Lorrain Hyland, Telehealthcare Lead for NHS Dumfries and Galloway, tells us how telehealth remote monitoring is contributing to Putting You First, a five year change programme which aims to improve health and support and care services for older people.
Dumfries and Galloway is one of the most rural areas of Scotland, with around a quarter of older people living in remote locations where access to emergency services can be difficult. Current estimates indicate that there are approximately 15,000 people in the region living with at least one long-term condition.
As part of Putting You First we wanted to explore new ways of providing support to people with long-term conditions in their own homes, improving their care and increasing efficiency. We began a test of change using community-based, GP-led model of remote monitoring involving patients living with Chronic Obstructive Pulmonary Disease (COPD) in the Annan area.
COPD patients recommended for the Annan Remote Monitoring (ARM) service are those who have experienced two or more exacerbations within the last year which have led to a hospital admission. Each patient is provided with Tunstall’s mymedic system to take their vital signs and check their symptoms every day. This information is sent to the response centre where specialist staff can check for any early signs of deterioration in their condition. If there are any signs that someone would benefit from medical intervention, the response centre staff alert the appropriate nurse or doctor so they can take action quickly. This early detection and intervention aims to reduce exacerbations, improving the patients’ quality of life and reduce the need for unplanned hospital admissions.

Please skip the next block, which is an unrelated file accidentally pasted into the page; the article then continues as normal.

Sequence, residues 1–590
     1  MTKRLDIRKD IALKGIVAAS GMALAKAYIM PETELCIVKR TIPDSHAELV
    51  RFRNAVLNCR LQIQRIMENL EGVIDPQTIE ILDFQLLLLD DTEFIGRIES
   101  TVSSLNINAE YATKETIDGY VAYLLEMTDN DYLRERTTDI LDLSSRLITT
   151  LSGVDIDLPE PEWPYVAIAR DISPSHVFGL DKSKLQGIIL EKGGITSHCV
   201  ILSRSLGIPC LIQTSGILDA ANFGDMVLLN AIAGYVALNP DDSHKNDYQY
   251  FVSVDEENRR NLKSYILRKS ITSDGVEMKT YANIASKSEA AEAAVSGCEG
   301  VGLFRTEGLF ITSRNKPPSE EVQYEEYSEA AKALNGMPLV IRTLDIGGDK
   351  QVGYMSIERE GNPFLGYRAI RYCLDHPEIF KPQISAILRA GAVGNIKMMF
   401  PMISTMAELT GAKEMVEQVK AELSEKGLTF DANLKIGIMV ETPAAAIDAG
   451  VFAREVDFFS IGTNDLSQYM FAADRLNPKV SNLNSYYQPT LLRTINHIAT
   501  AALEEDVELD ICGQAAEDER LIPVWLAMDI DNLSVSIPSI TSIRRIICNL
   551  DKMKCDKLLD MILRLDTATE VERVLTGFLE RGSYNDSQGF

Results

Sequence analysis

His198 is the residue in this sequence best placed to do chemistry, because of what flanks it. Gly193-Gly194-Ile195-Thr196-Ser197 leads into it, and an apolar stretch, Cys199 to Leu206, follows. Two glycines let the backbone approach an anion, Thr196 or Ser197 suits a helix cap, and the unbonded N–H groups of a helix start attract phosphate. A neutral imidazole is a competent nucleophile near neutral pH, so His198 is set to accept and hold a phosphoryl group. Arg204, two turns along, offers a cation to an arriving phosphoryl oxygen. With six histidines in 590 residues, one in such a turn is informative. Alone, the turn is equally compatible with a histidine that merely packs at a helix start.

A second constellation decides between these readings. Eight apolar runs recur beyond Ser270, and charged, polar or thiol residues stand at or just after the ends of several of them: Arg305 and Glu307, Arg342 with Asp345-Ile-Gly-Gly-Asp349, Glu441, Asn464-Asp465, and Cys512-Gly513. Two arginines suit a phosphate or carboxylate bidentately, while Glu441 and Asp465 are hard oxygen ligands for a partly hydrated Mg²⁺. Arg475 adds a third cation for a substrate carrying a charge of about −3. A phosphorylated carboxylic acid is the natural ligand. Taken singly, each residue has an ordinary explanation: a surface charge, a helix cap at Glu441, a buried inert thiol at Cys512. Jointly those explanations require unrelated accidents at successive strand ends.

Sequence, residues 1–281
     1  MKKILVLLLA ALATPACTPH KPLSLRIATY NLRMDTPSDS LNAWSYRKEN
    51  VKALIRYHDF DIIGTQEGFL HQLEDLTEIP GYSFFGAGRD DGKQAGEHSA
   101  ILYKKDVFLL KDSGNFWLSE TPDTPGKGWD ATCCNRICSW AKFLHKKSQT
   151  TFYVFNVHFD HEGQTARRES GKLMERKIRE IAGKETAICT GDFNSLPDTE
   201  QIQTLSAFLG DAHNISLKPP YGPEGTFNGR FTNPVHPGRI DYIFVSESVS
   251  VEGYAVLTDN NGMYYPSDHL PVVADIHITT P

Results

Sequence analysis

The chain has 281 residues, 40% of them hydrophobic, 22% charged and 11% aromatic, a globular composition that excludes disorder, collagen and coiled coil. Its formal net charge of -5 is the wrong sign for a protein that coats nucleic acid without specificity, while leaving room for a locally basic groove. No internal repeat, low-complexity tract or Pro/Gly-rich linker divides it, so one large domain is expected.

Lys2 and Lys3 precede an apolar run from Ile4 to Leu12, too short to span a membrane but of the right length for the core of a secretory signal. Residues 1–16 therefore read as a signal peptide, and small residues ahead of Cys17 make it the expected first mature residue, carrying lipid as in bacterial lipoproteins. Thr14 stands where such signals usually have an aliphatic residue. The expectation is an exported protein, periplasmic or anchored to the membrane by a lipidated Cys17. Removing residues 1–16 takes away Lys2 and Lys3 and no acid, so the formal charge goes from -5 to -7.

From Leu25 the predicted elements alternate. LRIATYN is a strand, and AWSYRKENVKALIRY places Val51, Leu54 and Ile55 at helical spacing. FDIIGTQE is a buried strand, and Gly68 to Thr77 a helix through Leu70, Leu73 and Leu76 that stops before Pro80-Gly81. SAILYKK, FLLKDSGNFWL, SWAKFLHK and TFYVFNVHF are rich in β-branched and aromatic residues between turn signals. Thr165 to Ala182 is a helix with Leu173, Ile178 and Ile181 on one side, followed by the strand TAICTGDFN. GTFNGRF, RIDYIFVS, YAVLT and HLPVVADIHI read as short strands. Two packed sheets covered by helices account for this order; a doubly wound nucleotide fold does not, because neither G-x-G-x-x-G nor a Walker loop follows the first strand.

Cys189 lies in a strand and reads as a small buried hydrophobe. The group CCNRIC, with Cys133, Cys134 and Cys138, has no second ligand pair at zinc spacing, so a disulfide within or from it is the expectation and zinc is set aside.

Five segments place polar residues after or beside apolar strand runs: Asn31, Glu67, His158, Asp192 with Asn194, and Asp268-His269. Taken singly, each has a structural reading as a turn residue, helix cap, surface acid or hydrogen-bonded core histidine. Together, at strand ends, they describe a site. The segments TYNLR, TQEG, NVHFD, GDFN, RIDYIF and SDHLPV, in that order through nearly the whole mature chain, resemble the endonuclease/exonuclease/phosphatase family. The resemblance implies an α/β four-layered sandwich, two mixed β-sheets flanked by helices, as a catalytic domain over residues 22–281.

We’re also seeing that the system is helping patients to become more aware of how their behaviour affects their condition, and gives them the confidence to self-manage, resulting in long-term change and improved health outcomes. By supporting people at home, not only can we increase their quality of life, but we can also deliver services more efficiently, reducing the amount of travelling for both patients and clinicians and improving caseload management.
It’s still relatively early days, but the ARM test has shown that patients find the technology easy to use and it helps them to feel confident about managing their own health at home. Results so far have shown a decrease in patients being taken to hospital, an increase in their skills to self manage their condition and reassurance for family members that they are being checked on a daily basis until their condition improves.
One patient was very satisfied with the experience of using the daily monitoring and said “this has kept me out of hospital”.
Remote monitoring can be used as part of a wider web based health solution to support people with the management of their health. We are excited through the integration agenda in Scotland to be working with a range of partners, exploring how regional services can be further enabled with the use of technology. The test represents an exciting opportunity to support our busy staff and hospitals, creating more face to face treatment and support time for those truly in need of our attention as well as making person-centred care a reality.
To find out more about ARM you can watch extracts from our recent technology event here.
You can also view a Telehealth and Telecare Learning Network webcast here.
Lorrain will be speaking about Putting You First at International Telecare and Telehealth Conference on 17 November. Find out more here.